|Competencies||See astronaut training|
A commercial astronaut (or commercial cosmonaut) is a person trained to command, pilot, or serve as a crew member of a privately funded spacecraft. This is distinct from an otherwise non-government astronaut, for example Charlie Walker, who flies while representing a non-government corporation but with funding or training or both coming from government sources.
The definition of "astronaut" and the criteria for determining who has achieved human spaceflight vary. The Fédération Aéronautique Internationale defines spaceflight as any flight over 100 kilometers (62 mi) of altitude. In the United States, professional, military, and commercial astronauts who travel above an altitude of 50 miles (80 km) are eligible to be awarded astronaut wings. Until 2003, professional space travelers were sponsored and trained exclusively by governments, whether by the military or by civilian space agencies. However, with the first sub-orbital flight by the privately funded Scaled Composites Tier One program in 2004, the commercial astronaut category was created. The next commercial program to achieve sub-orbital flight was Virgin Galactic's SpaceShipTwo program in 2018. Criteria for commercial astronaut status in other countries have yet to be made public.
With the advent of private commercial space flight ventures in the U.S., the FAA has been faced with the task of developing a certification process for the pilots of commercial spacecraft. The Commercial Space Launch Act of 1984 established the FAA's Office of Commercial Space Transportation and required companies to obtain a launch license for vehicles, but at the time manned commercial flight - and the licensing of crewmembers - was not considered. The Commercial Space Launch Amendments Act has led to the issuance of draft guidelines by the FAA in February 2005 for the administration of vehicle and crew certifications. Currently, the FAA has not issued formal regulatory guidance for the issuance of a Commercial Astronaut Certificate, but as an interim measure, has established the practice of awarding "Commercial Astronaut Wings" to commercial pilots who have demonstrated the requisite proficiency. The content of 14 CFR Part 460 implies that an instrument rating and second-class medical certificate issued within the 12 months prior to the proposed qualifying flight will be included as a minimum standard.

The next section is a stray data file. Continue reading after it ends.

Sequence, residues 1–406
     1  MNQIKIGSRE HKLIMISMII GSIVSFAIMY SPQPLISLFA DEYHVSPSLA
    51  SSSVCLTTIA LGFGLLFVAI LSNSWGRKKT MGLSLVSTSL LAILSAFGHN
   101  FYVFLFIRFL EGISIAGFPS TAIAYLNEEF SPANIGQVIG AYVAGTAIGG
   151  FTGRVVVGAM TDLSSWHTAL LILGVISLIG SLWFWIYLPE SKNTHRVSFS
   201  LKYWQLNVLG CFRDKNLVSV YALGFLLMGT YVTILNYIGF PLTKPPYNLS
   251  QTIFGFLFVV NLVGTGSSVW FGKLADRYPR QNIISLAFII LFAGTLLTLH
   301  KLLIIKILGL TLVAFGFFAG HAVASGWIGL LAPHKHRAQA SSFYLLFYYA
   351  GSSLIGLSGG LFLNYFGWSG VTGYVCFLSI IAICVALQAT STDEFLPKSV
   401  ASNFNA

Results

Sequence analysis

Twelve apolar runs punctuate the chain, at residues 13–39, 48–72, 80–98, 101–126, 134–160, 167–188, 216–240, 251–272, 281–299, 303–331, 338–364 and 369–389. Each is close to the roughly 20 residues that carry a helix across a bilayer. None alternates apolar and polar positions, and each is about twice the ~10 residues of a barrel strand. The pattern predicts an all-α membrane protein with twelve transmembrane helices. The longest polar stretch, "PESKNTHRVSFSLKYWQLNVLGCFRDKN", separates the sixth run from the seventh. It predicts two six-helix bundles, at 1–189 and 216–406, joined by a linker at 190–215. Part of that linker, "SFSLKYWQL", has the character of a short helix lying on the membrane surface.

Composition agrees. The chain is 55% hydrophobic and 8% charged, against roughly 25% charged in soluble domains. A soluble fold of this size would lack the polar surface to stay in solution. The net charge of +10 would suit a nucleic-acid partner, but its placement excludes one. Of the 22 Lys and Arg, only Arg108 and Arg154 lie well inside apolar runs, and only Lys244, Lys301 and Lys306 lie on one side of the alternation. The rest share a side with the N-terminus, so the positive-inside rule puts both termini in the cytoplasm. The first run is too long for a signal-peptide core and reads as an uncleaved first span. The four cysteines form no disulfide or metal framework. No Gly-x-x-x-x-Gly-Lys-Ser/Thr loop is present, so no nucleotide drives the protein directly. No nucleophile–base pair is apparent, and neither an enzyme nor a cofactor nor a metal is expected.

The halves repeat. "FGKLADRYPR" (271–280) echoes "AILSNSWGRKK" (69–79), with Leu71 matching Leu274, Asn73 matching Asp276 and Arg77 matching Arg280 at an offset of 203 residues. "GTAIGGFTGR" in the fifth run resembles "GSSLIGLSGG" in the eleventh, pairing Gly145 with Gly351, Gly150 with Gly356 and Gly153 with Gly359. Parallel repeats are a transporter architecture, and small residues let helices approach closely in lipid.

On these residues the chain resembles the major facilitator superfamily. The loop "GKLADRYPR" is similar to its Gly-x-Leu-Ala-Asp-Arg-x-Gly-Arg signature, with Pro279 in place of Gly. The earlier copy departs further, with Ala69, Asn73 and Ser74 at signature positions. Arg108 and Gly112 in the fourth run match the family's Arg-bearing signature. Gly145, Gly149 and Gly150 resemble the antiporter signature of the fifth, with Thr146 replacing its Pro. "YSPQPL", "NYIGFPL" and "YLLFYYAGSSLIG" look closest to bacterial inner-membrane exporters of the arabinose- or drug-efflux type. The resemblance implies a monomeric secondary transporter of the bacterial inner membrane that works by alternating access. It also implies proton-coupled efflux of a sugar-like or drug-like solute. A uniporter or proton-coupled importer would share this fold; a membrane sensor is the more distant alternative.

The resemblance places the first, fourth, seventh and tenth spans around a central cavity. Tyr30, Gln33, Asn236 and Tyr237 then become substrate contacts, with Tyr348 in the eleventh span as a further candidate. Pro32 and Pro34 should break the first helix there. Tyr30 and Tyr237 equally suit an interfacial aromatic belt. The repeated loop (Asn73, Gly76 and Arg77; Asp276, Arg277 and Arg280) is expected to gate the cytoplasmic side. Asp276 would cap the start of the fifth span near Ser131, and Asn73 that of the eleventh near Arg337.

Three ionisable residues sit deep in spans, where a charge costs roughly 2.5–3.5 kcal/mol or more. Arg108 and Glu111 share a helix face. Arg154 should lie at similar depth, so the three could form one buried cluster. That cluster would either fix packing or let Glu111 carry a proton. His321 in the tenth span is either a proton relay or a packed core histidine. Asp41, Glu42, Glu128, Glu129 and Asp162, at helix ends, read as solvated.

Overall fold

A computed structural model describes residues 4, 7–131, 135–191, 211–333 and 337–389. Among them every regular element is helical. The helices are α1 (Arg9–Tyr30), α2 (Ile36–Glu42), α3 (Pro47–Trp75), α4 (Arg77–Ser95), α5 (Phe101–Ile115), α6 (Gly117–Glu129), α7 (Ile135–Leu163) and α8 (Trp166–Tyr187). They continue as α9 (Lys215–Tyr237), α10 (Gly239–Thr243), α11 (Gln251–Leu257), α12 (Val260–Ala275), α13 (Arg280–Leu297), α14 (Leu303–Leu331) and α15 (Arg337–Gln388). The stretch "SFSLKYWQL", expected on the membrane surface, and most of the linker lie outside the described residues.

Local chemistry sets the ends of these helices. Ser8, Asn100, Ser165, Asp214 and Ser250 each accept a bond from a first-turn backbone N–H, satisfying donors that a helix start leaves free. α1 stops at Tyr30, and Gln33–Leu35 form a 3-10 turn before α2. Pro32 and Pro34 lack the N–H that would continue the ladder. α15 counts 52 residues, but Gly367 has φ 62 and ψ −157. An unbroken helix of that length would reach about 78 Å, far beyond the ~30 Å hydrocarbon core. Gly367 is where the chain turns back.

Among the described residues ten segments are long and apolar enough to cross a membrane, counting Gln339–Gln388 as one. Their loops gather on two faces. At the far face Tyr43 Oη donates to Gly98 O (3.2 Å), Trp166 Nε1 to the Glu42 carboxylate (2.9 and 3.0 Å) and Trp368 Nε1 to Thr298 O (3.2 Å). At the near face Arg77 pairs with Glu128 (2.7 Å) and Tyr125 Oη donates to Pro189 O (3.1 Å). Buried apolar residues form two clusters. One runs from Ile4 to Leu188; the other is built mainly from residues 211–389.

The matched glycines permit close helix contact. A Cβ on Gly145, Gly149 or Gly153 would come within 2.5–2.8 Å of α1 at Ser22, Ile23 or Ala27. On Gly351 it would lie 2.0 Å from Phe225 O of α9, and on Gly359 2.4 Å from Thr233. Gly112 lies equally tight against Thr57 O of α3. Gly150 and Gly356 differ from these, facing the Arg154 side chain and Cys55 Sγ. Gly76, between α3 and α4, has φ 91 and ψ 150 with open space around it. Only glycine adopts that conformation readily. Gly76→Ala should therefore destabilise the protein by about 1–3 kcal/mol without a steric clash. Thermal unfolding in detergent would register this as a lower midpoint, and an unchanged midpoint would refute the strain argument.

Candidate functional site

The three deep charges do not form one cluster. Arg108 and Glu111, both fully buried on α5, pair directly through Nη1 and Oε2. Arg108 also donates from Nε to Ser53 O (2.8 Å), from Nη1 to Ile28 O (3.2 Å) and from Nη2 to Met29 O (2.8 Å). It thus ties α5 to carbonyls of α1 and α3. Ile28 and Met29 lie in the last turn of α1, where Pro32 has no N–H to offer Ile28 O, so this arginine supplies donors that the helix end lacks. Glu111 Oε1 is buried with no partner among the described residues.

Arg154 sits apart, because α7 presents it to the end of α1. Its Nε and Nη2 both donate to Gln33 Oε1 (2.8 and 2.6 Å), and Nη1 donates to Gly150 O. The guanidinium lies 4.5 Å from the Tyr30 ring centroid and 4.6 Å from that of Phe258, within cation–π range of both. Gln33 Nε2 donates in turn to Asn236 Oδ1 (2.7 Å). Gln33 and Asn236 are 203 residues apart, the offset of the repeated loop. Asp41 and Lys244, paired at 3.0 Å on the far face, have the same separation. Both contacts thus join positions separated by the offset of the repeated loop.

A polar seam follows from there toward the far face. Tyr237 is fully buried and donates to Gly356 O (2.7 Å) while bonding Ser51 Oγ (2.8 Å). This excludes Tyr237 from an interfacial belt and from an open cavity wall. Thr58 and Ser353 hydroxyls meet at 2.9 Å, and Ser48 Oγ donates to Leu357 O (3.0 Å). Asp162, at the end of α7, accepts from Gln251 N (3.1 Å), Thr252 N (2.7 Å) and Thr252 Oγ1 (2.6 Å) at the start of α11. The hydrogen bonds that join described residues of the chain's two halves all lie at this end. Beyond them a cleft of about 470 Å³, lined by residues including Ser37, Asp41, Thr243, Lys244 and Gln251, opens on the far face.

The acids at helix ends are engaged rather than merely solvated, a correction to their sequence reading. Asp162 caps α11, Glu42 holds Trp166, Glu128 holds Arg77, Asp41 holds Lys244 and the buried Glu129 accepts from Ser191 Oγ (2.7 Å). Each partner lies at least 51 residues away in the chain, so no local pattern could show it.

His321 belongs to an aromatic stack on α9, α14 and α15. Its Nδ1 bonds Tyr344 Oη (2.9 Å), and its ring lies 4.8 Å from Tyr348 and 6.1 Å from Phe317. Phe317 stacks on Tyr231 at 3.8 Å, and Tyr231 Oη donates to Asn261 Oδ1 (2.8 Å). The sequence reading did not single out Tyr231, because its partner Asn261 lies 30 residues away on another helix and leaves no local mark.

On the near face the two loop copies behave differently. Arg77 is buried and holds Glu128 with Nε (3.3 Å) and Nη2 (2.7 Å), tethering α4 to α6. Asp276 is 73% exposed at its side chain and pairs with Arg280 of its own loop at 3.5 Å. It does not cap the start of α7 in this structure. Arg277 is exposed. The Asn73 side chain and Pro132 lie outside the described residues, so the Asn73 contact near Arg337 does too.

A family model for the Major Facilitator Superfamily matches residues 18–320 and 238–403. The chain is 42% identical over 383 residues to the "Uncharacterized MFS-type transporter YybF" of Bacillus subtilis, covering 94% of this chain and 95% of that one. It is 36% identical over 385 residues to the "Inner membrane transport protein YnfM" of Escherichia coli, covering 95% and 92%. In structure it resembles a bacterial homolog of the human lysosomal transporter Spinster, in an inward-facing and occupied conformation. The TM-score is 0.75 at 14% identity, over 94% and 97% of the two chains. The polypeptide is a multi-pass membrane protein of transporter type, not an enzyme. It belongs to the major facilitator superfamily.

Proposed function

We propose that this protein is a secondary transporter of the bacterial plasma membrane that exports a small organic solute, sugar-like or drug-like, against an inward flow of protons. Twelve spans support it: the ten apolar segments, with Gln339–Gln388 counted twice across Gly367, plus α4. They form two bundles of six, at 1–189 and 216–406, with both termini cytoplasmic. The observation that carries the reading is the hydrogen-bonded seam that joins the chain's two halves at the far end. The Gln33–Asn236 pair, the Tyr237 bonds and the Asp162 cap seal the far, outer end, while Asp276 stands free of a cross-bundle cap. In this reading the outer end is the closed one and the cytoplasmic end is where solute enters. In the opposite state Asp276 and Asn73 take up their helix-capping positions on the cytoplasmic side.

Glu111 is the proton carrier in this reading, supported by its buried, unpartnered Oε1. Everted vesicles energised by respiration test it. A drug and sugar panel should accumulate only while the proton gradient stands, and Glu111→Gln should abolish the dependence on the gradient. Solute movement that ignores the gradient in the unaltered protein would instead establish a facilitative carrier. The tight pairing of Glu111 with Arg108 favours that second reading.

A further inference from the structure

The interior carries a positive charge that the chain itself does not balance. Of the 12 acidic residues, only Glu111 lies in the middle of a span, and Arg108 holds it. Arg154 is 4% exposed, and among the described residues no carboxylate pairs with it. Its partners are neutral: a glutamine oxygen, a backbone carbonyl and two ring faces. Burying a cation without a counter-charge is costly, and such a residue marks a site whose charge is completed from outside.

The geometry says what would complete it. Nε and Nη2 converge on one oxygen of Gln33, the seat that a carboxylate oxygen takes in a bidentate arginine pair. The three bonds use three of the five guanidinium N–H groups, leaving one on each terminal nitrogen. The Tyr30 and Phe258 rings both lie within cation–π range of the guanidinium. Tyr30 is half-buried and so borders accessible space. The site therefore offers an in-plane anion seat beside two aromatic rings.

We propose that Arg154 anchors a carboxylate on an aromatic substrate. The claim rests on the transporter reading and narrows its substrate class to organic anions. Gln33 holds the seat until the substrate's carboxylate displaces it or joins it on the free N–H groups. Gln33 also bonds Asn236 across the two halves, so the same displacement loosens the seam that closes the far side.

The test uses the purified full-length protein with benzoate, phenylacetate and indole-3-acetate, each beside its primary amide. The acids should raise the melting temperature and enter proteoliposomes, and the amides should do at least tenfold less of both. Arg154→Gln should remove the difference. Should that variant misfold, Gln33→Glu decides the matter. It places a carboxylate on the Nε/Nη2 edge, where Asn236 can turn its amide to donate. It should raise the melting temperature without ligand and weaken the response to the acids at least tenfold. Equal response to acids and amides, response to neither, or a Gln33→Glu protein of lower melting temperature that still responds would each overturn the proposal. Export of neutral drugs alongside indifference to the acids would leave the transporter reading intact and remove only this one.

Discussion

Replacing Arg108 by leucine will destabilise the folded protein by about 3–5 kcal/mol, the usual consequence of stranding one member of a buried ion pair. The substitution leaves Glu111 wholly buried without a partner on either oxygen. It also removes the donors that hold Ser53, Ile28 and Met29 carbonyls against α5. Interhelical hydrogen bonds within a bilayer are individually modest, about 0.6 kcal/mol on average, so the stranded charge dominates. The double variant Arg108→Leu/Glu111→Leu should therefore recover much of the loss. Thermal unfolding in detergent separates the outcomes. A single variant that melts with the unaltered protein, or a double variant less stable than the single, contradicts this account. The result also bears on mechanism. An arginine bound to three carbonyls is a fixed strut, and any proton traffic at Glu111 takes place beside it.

The FAA's Commercial Astronaut Wings Program is designed to recognize flight crewmembers who further the FAA's mission to promote the safety of vehicles designed to carry humans. Astronaut Wings are given to flight crew who have demonstrated a safe flight to and return from space on an FAA/AST licensed mission. To be eligible for FAA Astronaut Wings, nominees have to meet the following criteria and submit an application to the FAA:
The emblem for the first set of FAA Commercial Astronaut Wings issued in 2004 has in its center a green globe on a blue background, with the three-prong astronaut symbol superimposed on top. In yellow block text around the globe are the words "Commercial Space Transportation" in all capital letters. In a gold ring outside the blue are the words "Department of Transportation Federal Aviation Administration" in black. Beginning with the wings awarded for flights in 2018, the design has been simplified to be the astronaut symbol, surrounded by the words "Commercial Space Transportation", all in gold on a black background.
|Years awarded||Country||Commercial Astronaut Wings|
|2018 - present||USA|
|#||Name||Vehicle||Company||Awarding Body||Qualification Date||Max Altitude||Notes|
|1||Mike Melvill||SpaceShipOne||Scaled Composites||FAA||21 June 2004||100.124 kilometers (62.214 mi)||First set of Commercial Astronaut wings; flight 15P|
|2||Brian Binnie||SpaceShipOne||Scaled Composites||FAA||4 October 2004||112.01 kilometers (69.60 mi)||flight 17P|
|3||Mark Stucky||SpaceShipTwo Unity||Virgin Galactic||FAA||13 December 2018||82.7 kilometers (51.4 mi)||flight VP-03|
|4||CJ Sturckow||SpaceShipTwo Unity||Virgin Galactic||FAA||13 December 2018||82.7 kilometers (51.4 mi)||First to hold both NASA (STS-88) and Commercial Astronaut (flight VP-03) wings|
|5||David Mackay||SpaceShipTwo Unity||Virgin Galactic||FAA||22 February 2019||89.9 kilometers (55.9 mi)||First person born in Scotland to enter space; flight VF-01|
|6||Michael Masucci||SpaceShipTwo Unity||Virgin Galactic||FAA||22 February 2019||89.9 kilometers (55.9 mi)||flight VF-01|
|7||Beth Moses||SpaceShipTwo Unity||Virgin Galactic||FAA||22 February 2019||89.9 kilometers (55.9 mi)||First passenger, first woman (Chief Astronaut Instructor and Interiors Program Manager); flight VF-01|